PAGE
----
The gateway-mapped node address that is generated to replace the potentially non-unique locally-assigned node address is described below with reference to FIG. 7. Since the locally-assigned node address is unique within the local network, and since the network number of the local network is unique within the domain, the address mapping gateway 336 combines these values to create a gateway-mapped node address that is guaranteed to be unique within the domain. The address mapping gateway places this value in the mapped node address field 508 of address mapping table 500. It also replaces the originally-assigned node address in source node address field 412 with the gateway-mapped node address.
Referring to FIG. 7, the 6-byte node address field 412 is divided into a network number portion 702 and a node address portion 704. Network number portion 702 consists of 32 of the 34 most significant bits of node address field 412, accommodating the IEEE local and multicast bits. The node address portion 704 is allocated the least significant 14 bits of node address field 412. Since 14 bits rather than 48 bits are allocated to the node address, this approach is based upon the implicit assumption that the locally-assigned node addresses will not have a value that exceeds 16,383.
Thus, the address mapping gateway 336 performs a repeatable mapping operation on the node address, overlaying the 4-byte network number 408 on the 32 of the 34 high order bits of the node address (allowing for the two address type bits). The address mapping gateway sets multicast bit 606 to zero and the global/local bit 608 to one to identify this type of addressing scheme; that is, to indicate that the node address has been locally assigned. The originally-assigned node address remains in the 14 least significant bits. This 48-bit gateway-mapped node address is also placed in the mapped node address field 508 of address mapping table 500.
Upon receipt of a packet destined for the domain network address, the address mapping gateway 336 searches the mapped node address field 508 for the gateway-mapped node address value stored in the destination node address field 410. Upon finding that value, the address mapping gateway retrieves the associated network layer address (network number and node address), performs the address translation, and forwards the packet to the destination node.
There are certain node addresses, such as those assigned to server nodes, that must be made available to the backbone and, therefore, cannot be translated by the address mapping gateway. In the illustrative embodiment, for example, a domain may include file servers with the NetWare Directory Service™ (NDS™) software which embed their network addresses within higher level protocols 236-242.
Referring to FIG. 8, the address mapping gateway maintains translation exemption table 800, containing the network layer addresses of non-translatable network numbers, such as those assigned to these NDS-advertised services. Rather than advertising that such nodes are accessible via the globally-unique domain network address, the address mapping gateway explicitly advertises these non-translatable network numbers.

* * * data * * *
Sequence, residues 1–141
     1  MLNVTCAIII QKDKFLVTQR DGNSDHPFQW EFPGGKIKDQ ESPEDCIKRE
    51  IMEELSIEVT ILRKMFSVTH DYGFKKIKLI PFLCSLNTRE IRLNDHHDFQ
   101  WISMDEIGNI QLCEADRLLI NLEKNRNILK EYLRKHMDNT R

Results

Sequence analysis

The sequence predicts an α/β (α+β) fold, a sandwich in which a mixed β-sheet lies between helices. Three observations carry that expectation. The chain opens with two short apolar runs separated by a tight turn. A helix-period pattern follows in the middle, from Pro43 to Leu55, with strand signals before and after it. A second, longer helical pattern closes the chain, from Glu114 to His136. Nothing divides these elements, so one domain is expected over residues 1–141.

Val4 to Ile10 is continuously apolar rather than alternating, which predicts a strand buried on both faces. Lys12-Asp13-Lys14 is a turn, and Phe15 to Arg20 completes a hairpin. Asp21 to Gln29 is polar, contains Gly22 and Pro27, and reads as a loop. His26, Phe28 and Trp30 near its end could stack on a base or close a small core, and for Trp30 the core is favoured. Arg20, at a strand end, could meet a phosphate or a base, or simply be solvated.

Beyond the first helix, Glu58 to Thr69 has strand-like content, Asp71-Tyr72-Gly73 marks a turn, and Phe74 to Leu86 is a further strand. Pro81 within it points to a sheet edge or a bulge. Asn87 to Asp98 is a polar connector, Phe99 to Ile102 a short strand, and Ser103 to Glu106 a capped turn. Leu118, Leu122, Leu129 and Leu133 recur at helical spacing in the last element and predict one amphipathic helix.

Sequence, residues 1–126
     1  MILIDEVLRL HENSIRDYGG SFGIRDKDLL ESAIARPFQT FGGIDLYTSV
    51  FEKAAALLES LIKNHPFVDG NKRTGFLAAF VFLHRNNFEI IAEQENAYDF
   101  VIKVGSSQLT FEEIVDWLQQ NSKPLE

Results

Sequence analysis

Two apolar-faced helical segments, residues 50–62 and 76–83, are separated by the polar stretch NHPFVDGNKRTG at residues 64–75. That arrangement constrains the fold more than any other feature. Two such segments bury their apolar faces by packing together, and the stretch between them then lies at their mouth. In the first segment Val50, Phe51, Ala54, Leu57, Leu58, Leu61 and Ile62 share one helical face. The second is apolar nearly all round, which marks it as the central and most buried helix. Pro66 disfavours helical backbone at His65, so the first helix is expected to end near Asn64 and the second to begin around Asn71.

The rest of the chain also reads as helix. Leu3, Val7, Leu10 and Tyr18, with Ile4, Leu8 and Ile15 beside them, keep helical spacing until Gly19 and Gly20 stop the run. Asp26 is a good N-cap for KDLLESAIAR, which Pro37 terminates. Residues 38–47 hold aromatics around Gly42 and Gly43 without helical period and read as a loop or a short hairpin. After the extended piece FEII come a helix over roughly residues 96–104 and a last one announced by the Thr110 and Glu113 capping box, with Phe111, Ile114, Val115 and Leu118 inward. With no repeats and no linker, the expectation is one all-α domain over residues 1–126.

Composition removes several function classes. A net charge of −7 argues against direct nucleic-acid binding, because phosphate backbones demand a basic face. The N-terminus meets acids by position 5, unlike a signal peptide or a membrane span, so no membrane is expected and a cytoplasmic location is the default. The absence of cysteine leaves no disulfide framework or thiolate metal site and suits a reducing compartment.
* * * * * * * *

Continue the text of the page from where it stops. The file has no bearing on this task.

Upon receipt of a packet from a source node in an associated domain, the address mapping gateway searches translation exemption table 800 for the network number located in source network number field 408 prior to generating a new address mapping table entry 512. Alternatively, the address mapping table could reference the route filters. In either event, there will be no translation of network numbers that are explicitly advertised; the address mapping gateway simply passes the packet through the implementing router without translation.
For example, if server node 346 on local network 320 is made globally available, the directory services will advertise that the server node has a network layer address 27:Y. Thus, address mapping gateways 312-314 cannot advertise that server node Y has an address of 97:Y (97 being the globally-unique domain network address). Address mapping gateways 306-310 advertise that network number 27 is reachable in addition to network number 97. When a packet having a destination network number 406 with a value of 27 is received, the address mapping gateway will not translate the address, but instead will forward the packet to the server destination node 344.
For a domain accessible through multiple address mapping gateways, each address mapping gateway advertises to the backbone that it can provide access to all nodes having the globally-unique domain network address as the network number. Just as any packet generated by a node in the domain may pass through any of the available address mapping gateways, a packet destined for a node within the domain may also return via any of the available address mapping gateways.
Under such conditions, it is not uncommon that the address mapping gateway through which the node's initial communication traveled is not the same as the address mapping gateway that the return packet passes. If a return packet is received by a domain node via a different address mapping gateway than the one through which the original packet went to the backbone, the receiving address mapping gateway will not have the requisite mapping entry in the cross-reference table. Under such conditions, the packet is normally dropped.
The routers implementing the address mapping gateway of the present invention are provided with a special network address, referred to as an internal network address, that is unique within the domain and transparent to the backbone. All address mapping gateways are provided the internal network addresses of their peers through any commonly known means.